Http:// Reviewing the fundamentals can strengthen your ICD-9 coding and streamline thereimbursement process.
Fam Pract Manag. 1999 Jul-Aug;6(7):27-31.
When you talk about the work you do and the conditions you see, you usewords — patient visit, suture, Pap smear, sinusitis. When third-partypayers refer to the work you do and the conditions you see, they usenumbers. Almost every medical condition, service and supply can beidentified by a numeric code, primarily because Medicare and otherthird-party payers require numeric coding on claim forms. They set thepayment rules, so they also get to establish the system's “vocabulary.” Being fluent in the language of coding may not be every doctor's dream.
But accurate coding is the key to prompt reimbursement for your services.
It's helpful even in environments dominated by managed care, giving you a database you can use in practiceprofiling and contract negotiations. In addition, the codes you submit are used by the federal government to ferretout health care fraud. So knowing the difference between a diagnosis code of 280 (iron deficiency anemia) and820 (a fracture of the neck of the femur) will help protect your practice from fraud and abuse investigations, aswell as help ensure that you get paid for what you do. Consequently, it's more important than ever that you take amoment to brush up your coding skills and improve your coding accuracy.
Elsewhere in this issue, you'll find a tool to help you choose the right CPT code for more-involved evaluation andmanagement services (see “A Quick-Reference Card for Identifying Level-4 Visits”). In this article, you'll get arefresher in the language of coding symptoms and diagnoses.
Reimbursement claims actually require the use of two coding systems: one that identifies the patient's disease orphysical state (the International Classification of Diseases, 9th Revision, Clinical Modification, or ICD-9-CM,codes) and another that describes the procedures, services or supplies you provide to your patients (the CurrentProcedural Terminology, or CPT, codes). To differentiate between these coding systems, think of it this way: CPTcodes describe what you do, and ICD-9 codes describe why you do it.
Each service you provide becomes a line item (a CPT code) on an insurance claim form. Although your level ofreimbursement is linked to a claim's CPT codes, you need to record a symptom, diagnosis or complaint (an ICD-9code) to establish the “medical necessity” of each service. Showing medical necessity basically means that youjustify your treatment choice (CPT code) by linking it to an appropriate diagnosis, symptom or complaint (ICD-9code). Up to four ICD-9 codes can be linked to each CPT code on a HCFA-1500 form.
For example, a patient in the office for routine diabetes monitoring also complains of chest pain suggesting angina pectoris. As part of the work-up that day, you perform an ECG in your office. On your claim form, however, youlist only the ICD-9 code for diabetes. In all likelihood, the insurer won't pay for the ECG because it's not clearfrom the claim form why the test was medically necessary. The ICD-9 code for chest pain or angina pectorisshould also have been listed to indicate the medical necessity for the ECG.
Code to the highest degree of specificity. Carry the code to the fourth or fifth digit when possible.
Link the diagnosis code (ICD-9) to the service code (CPT) on the insurance claim form to identify why theservice was rendered, thereby establishing medical necessity.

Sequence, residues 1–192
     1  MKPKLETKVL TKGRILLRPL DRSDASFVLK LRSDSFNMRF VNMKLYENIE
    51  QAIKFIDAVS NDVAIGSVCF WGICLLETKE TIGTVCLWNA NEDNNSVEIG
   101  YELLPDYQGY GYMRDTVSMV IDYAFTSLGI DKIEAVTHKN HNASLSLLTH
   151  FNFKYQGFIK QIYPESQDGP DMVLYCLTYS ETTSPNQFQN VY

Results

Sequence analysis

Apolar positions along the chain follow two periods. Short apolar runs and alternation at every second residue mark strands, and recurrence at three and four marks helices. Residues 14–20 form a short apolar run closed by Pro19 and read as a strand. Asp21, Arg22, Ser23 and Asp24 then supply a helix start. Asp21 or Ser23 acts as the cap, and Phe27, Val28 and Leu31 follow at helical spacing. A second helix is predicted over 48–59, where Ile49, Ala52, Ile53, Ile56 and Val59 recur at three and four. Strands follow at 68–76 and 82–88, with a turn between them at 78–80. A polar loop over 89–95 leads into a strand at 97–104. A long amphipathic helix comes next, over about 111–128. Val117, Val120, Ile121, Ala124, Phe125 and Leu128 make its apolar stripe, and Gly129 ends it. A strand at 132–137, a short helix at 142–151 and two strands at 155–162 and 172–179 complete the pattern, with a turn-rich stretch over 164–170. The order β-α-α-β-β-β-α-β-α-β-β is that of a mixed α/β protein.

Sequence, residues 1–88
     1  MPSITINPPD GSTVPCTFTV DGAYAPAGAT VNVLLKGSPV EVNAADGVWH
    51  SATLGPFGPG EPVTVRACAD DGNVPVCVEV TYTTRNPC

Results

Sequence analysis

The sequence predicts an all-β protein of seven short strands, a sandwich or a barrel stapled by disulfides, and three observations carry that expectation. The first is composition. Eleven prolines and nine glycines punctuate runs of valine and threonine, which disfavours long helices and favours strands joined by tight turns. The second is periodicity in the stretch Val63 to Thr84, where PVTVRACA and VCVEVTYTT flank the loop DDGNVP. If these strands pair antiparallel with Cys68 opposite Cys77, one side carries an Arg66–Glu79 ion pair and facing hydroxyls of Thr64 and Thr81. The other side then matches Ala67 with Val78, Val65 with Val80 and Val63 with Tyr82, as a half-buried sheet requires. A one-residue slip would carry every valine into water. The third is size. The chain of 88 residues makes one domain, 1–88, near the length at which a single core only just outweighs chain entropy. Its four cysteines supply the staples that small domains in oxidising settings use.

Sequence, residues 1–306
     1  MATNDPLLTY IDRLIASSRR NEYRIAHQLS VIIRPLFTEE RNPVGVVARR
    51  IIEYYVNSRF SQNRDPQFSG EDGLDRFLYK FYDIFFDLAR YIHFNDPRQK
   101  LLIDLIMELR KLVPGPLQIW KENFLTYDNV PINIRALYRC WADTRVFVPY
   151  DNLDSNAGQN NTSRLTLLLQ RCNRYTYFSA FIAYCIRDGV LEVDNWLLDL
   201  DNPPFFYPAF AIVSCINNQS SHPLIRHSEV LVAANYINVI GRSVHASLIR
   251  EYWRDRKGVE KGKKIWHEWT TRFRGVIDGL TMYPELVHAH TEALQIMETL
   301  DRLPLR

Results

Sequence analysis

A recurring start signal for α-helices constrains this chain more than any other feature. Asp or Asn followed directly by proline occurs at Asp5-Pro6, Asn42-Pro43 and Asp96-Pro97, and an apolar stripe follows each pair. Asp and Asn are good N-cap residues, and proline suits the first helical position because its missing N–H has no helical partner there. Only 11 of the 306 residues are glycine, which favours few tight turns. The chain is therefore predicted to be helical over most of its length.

“Ruled out,” “suspected,” and “probable” diagnoses cannot be coded. Assign the applicable code for thesign or symptom that is the reason for the patient visit.
Code the primary diagnosis first, followed by the secondary, tertiary, etc., diagnoses. The primarydiagnosis is the main reason for the patient visit.
Code coexisting conditions that affect the patient's treatment in that visit. Code chronic conditions whenthey apply to the patient's treatment. Don't code diagnoses that are no longer being treated or that don'taffect your care of the patient.
ICD-9 codes are organized in three “volumes,” which aren't necessarily separate publications, and are available ina variety of print and electronic formats (the codes themselves are in the public domain). Volume I is a numericlisting of the roughly 12,000 diagnostic codes and descriptions (give or take a few!). Volume II is an alphabeticindex of terms and the codes that correspond to them; its more than 120,000 entries direct you to the codes youneed by linking them to a variety of terms. Volume III contains a tabular list and alphabetic index of proceduralcodes and descriptions and is intended for use only by hospitals. Always look in the index first and then turn tothe numeric listing for a complete description of the condition. Never code solely from the index.
ICD-9 codes may have three to five digits depending on their category (although only a few diagnoses have validthree-digit codes). Each digit provides important information about the patient's condition. For example, considerthe following codes in the diabetes mellitus category: 250.13, uncontrolled type 1 diabetes with ketoacidosis.
The three-digit code (in this case, 250) represents the diagnostic category. The fourth digit identifiescomplications associated with diabetes (e.g., ketoacidosis). The fifth digit describes the type of diabetes and itslevel of control. To correctly code an encounter with a patient who has uncontrolled type 1 diabetes complicatedby ketoacidosis, you should use all five digits.
Here's another example: You see a patient for follow-up of benign essential hypertension. The proper code wouldbe 401.1 The fourth digit identifies the disease as benign and thus is the most specific description of your patient'scondition. If, however, the patient also had benign hypertensive heart disease, then you would include a fifth digit:The proper code would be 402.10 or 402.11 depending on the absence or presence, respectively, of congestiveheart failure.
The point is that you must always code to the highest number of digits that best describe your patient's condition.
To be certain you're using the correct number of digits, review the codes in a given category and choose thehighest-level code that most specifically describes your patient's condition. Many payers, including Medicare, will deny or delay payments if you fail to do so.
A useful tool for ICD-9 coding is Family Practice Management's “ICD-9 Codes for Family Practice,” compiledby Allen Daugird, MD, MBA, and Donald Spencer, MD, MBA, of the Department of Family Medicine,University of North Carolina. The list includes many of the ICD-9 codes family physicians use most often,organized alphabetically within categories of diseases and body systems. A version of the list printed oncardstock, designed to be carried with you as you see patients or to be placed in each exam room, isavailable from the AAFP Order Department at 800-944-0000. Ask for item number A512 (for two copies) orA513 (for 10 copies).
For more information on ICD-9 coding, review these articles from the FPM archives: “An Easy Reference to ICD-9 Codes.” A. Daugird, D. Spencer. October 1996:41–44.